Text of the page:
- George B. Cortelyou
Infobox US Cabinet official
name=George Bruce Cortelyou
United States Secretary of Commerce and Labor
February 18, 1903
June 30, 1904
Victor H. Metcalf
United States Postmaster General
March 6, 1905
January 14, 1907
predecessor2=Robert J. Wynne
successor2=George von L. Meyer
United States Secretary of the Treasury
March 4, 1907
March 7, 1909
predecessor3=Leslie M. Shaw
birth_place=New York City, New York, U.S.
death_date=death date and age|1940|10|23|1862|7|26
Long Island City, New York, U.S.
spouse=Lilly Morris Hinds Cortelyou
George Bruce Cortelyou (
July 26, 1862– October 23, 1940) was an American Presidential Cabinetsecretary of the early 20th century.
Born to Rose Seery and Peter Crolius Cortelyou, and part of an old
New Netherlandsfamily whose immigrant ancestor arrived in 1652, he was educated at public schools in Brooklyn, the Nazareth Military Academyin Pennsylvania, and the Hempstead Instituteon Long Island. At the age of 20, he received a BA degree from Massachusetts State Normal School, a teacher's college in Westfield, Massachusetts. He then studied at and graduated from law schools of Georgetown Universityand Columbian University(the latter now being George Washington University). Courtelyou then began teaching, later taking a stenographycourse and mastering shorthand.
In 1891, he obtained a position as secretary to the chief
postal inspectorof New York. The following year a promotion led to a job as the secretary to the Fourth Assistant Postmaster General in Washington, D.C.In 1895 President Grover Clevelandhired Cortelyou as his chief clerk on the recommendation of Postmaster General Wilson S. Bissell. President Cleveland recommended him as secretary to his successor, William McKinley. Cortelyou was working on improvements in office efficiency in 1901 when President McKinley was assassinated.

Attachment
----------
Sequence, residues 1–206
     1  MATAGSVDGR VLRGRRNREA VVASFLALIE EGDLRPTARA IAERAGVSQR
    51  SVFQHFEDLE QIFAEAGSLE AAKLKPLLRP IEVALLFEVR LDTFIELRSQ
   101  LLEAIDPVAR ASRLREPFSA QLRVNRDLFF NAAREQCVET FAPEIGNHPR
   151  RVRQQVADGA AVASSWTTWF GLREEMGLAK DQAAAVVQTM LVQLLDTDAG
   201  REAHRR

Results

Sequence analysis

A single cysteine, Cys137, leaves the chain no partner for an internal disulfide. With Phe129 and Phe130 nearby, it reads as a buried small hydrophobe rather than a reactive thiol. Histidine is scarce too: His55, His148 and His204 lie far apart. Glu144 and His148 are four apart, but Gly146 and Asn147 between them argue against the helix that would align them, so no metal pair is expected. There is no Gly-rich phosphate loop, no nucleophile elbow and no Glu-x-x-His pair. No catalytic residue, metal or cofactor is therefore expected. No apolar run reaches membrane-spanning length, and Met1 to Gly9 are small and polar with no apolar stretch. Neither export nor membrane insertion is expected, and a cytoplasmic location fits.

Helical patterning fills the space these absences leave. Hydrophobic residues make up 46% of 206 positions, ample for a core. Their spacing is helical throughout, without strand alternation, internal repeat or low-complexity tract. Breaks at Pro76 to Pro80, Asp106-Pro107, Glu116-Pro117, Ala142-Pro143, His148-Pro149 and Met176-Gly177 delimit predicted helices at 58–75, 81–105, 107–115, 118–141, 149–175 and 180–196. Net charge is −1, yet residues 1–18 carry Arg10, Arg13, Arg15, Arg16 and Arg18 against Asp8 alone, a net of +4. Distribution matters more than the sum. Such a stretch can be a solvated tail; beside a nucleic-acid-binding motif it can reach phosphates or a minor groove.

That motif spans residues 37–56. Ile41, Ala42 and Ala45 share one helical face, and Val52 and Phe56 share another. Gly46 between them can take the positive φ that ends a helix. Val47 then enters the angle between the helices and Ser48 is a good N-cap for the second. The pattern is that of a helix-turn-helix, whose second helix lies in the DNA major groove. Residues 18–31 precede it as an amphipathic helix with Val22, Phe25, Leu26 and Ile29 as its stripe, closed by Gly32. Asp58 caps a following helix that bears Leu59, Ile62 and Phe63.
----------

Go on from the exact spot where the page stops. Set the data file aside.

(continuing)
George Cortelyou was serving as President William McKinley's secretary in Buffalo, New York on September 6, 1901. McKinley was greeting visitors in the Temple of Music at the Pan-American Exposition. The president was shot twice by assassin, Leon Czolgosz. President McKinley was caught and supported by his aides, he whispered, " My wife -- be careful, Cortelyou, how you tell her -- oh, be careful."
New president Theodore Roosevelt charged Cortelyou with transforming the White House into a more professional organization. Cortelyou developed procedures and rules that guided White House protocol and established processess where there had been only personal prerogative. Cortelyou is also credited with establishing a line of communication between the President's office and the press: he provided reporters with their own workspace, briefed journalists on notable news, handed out press releases and selected news items to bring to the President's attention. These "current clippings" were the first attempt by a President to gauge
public opinionthrough the media. Cortelyou selected items objectively, a practice that would not be consistently followed by his successors.
ecretary of Commerce & Labor
During this time, Cortelyou served as the first
United States Secretary of Commerce and Laborfrom February 18, 1903to June 30, 1904; as United States Postmaster Generalfrom 1905 to 1907; and as United States Secretary of the Treasuryfrom March 4, 1907to March 7, 1909; all under President Theodore Roosevelt.
Cortelyou also served as chairman of
Republican National Committeefrom 1904 through 1907, working for the successful re-election of Roosevelt.
ecretary of the Treasury
Cortelyou was Secretary of the Treasury during the devastating
Panic of 1907. Like his predecessor, Treasury Secretary Leslie M. Shaw, Cortelyou believed it was Treasury's duty to protect the banking system, but he realized that the Treasury was not equipped to maintain economic stability.
He eased the crisis by depositing large amounts of government funds in national banks and buying government bonds. To prevent further crises, Cortelyou advocated a more elastic currency and recommended the creation of a central banking system. In 1908, the
Aldrich-Vreeland Actwas passed, providing special currency to be issued in times of panic, and creating a commission, which led to the creation of the Federal Reservein 1913.
He returned to private enterprise as the president of the Consolidated Gas Company, later
New York Gas Company.
He died in
Long Island City, New York, in 1940. He is buried in the Memorial Cemetery of St. John's Church in Cold Spring Harbor, New York. Brooklyn's Cortelyou Road, in the Flatbush section, was named for him.
* [http://www.findagrave.com/cgi-bin/fg.cgi?page=gr&GRid=6850514 Find-A-Grave profile for George B. Cortelyou]
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